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Debate: Jira vs. Asana

Jira is a classic. It's been around nearly 20 years, pretty much anyone who works in software has used it at one point or another, and it continues to have an incredibly loyal userbase. For it's old, clunkiness...it's incredibly flexible and unopinionated.

Asana is like the anti-Jira. It's new, shiny, and quite a bit more rigid. To love Asana you have to love the ways Asana wants you to use it. It's about as different from Jira as you can get.

People love both of them. I want to hear from you. For the sake of this question, let's focus on just these two products. We can go down the Basecamp vs. Trello rabbithole another day. 😀

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blakesgentry's avatar
2 years ago

Despite getting a lot better in the last decade, JIRA's UX is still awful. Asana works great for most things other than software engineering sprint planning. If that's your use case, choose a more modern tool that is designed with users in mind, such as Clubhouse.

5 points
gregrgreiner1's avatar
2 years ago

Asana is great for fundamental task management but doesn’t have the same structured capabilities around sprint planning that Jira does. Asana is great if you’re willing to be flexible and want something that can be used broadly, but you need to bend it to make it work for you.

4 points
ahmedoverflow's avatar
2 years ago

If you're just starting out with managing chaos in your work and don't want to be overwhelmed, go with Asana. I did (5 months in so far), consider this to be an easy way to get started with managing your tasks when you feel like you want more structure and features to manage your workflow you will find yourself needing (not wanting) Jira.

With that said, Jira is the tool you will need once you are established. Asana is kinda like basic/fun and can be considered your task management training wheels.

4 points
jubaedprince's avatar
2 years ago

Jira is an agile tool.
Asana is a task management tool.

3 points
jedfudally's avatar
2 years ago

It depends on your team and use case. I love Asana when working with teams who aren't too technical like marketing, where JIRA is a no brainer for any product or development team.

3 points
jrn's avatar
2 years ago

If you have someone with the skills to manage (tame?) it: JIRA.

Otherwise I’d go with clubhouse, Monday or Trello.

2 points
10700johnson's avatar
2 years ago

We use Jira for product management and deliveries! We have used Asana in the past for tasks

2 points
poledesfetes's avatar
2 years ago

Jira is the worst project management tool except when compared to every other project management tools.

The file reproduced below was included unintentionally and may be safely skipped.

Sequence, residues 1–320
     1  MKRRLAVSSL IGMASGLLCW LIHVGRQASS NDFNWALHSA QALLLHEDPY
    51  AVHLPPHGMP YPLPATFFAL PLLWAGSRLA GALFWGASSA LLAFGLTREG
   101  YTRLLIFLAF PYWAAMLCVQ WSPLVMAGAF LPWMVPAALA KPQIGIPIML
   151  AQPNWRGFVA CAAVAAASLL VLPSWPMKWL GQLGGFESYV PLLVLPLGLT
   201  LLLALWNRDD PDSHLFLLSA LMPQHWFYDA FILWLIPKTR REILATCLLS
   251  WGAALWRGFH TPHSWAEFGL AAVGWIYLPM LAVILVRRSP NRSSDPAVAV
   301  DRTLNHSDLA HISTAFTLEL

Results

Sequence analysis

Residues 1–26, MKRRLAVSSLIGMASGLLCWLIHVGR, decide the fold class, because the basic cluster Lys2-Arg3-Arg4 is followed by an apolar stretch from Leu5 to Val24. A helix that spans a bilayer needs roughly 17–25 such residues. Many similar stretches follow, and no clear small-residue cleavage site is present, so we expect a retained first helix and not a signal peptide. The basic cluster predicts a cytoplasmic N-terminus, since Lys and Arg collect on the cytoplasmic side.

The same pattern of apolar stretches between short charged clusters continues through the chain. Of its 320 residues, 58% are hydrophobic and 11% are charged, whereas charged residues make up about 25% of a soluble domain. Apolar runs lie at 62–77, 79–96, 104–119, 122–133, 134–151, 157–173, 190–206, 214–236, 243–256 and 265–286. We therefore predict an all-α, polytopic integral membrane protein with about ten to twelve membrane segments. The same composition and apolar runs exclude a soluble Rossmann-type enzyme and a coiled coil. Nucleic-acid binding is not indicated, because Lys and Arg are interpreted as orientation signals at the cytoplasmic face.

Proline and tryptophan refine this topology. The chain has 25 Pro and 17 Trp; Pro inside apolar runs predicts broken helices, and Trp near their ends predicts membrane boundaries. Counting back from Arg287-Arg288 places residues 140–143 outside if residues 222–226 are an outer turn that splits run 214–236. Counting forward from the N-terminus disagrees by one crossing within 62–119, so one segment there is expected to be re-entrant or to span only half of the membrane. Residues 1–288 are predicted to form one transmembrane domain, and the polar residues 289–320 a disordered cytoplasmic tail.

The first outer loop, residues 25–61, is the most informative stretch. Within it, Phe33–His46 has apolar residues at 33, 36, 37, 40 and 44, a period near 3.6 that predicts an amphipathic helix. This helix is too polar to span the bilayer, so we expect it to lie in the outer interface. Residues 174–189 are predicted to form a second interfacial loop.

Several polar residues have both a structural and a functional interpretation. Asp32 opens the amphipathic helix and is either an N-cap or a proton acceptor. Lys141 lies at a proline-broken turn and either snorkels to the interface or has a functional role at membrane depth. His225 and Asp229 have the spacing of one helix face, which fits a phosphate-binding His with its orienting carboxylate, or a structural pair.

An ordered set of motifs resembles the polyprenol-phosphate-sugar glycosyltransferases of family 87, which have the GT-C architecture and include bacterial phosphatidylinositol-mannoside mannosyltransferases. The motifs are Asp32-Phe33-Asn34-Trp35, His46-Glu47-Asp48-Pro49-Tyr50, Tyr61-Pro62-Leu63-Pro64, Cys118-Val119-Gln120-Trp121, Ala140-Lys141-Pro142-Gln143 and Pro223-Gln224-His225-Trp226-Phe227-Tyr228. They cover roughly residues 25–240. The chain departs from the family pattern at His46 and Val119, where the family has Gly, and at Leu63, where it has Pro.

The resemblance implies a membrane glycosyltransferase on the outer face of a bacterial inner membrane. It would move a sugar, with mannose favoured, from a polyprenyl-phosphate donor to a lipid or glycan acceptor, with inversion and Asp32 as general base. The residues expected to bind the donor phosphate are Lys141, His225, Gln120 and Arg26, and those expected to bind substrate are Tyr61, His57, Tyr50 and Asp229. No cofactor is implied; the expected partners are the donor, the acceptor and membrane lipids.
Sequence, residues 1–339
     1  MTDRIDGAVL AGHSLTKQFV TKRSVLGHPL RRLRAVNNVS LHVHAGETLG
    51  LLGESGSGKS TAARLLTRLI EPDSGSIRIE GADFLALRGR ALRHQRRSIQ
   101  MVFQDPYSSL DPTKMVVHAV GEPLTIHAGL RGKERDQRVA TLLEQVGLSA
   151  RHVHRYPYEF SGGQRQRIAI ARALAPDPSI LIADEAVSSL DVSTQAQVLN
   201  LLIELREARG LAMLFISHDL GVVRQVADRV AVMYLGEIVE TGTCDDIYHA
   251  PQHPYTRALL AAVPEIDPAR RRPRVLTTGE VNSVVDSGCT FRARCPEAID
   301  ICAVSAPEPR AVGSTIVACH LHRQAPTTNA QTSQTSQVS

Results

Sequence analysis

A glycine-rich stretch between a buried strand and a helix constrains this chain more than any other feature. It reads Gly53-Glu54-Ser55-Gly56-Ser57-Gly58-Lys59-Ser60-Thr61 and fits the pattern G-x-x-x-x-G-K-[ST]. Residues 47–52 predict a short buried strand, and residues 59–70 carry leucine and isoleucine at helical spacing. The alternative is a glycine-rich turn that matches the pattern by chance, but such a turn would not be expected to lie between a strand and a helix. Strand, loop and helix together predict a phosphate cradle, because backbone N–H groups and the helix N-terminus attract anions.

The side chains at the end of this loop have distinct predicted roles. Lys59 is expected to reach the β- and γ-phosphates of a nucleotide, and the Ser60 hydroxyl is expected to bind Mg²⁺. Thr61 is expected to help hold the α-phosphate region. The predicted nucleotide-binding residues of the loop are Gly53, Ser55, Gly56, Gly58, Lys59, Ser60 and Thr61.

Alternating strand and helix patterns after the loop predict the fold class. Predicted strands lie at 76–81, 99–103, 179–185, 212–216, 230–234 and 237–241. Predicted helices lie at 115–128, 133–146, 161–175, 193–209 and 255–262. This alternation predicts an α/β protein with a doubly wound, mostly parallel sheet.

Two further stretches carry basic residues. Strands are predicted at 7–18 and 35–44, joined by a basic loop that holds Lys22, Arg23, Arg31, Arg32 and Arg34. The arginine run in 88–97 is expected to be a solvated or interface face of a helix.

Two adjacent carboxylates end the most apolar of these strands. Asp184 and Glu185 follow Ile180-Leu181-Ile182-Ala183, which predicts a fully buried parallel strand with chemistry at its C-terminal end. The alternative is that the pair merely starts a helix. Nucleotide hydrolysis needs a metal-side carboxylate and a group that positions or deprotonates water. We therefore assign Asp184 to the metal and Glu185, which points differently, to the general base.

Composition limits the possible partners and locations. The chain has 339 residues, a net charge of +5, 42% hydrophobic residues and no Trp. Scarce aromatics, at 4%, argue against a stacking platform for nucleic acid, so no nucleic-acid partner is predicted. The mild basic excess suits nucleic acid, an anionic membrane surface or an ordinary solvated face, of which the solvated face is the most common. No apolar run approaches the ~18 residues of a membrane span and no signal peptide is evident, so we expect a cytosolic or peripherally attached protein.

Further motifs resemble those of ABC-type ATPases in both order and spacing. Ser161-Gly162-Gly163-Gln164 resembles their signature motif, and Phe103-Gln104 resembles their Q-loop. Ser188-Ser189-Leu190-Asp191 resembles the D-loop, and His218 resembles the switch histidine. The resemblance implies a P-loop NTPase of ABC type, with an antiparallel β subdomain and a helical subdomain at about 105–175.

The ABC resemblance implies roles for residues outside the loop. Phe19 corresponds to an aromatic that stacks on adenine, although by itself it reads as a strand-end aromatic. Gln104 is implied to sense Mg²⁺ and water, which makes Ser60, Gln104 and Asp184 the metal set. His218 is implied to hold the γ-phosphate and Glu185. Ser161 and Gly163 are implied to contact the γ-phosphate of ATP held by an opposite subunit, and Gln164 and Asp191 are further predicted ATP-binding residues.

I have tried alternatives only to always come back at it eventually. It is feature complete and fighting to get better. IMO there is little to none competitor.

1 point
huntermoonshot's avatar
2 years ago

Been using Asana for years and it makes everything so freaking simple. It's like a step above Trello without all the noise of Jira.

I've found that dev teams like Jira more while creatives/marketers like Asana more!

1 point
ndrsllwngr's avatar
2 years ago

Jira has a lot of features which Asana is missing to properly guide software sprints as well as being flexible enough to allow for freedom in the sprint planning process.

Asana, on the other hand, has a more accessible user interface and exposes less complexity to the user; thus, I would recommend using Asana outside of the software development department.

1 point
cretyuib's avatar
@cretyuib (replying to @ndrsllwngr )
2 years ago

Asana manages tasks. Jira manages all your agile lifecycle. Jira is more broad.

1 point
kziegler_1's avatar
2 years ago

Jira is too easy to customize, as such I've found most Jira isntances have a crazy set of rules and customizations that requires a high degree of tribal knowledge. I do like Asana, however, I don't think Asana matches the needs of an Agile team. So I'm torn :/

1 point
dozermanblues's avatar
2 years ago

Asana is well suited for general project management but not for the vast varieties of development projects. Jira is flexible and adaptable enough for development teams of any size. Jira has its drawbacks - despite their latest update it still seems like managing and understanding user permissions and access requires a Diploma in Jira administration, even for medium sized teams.

1 point
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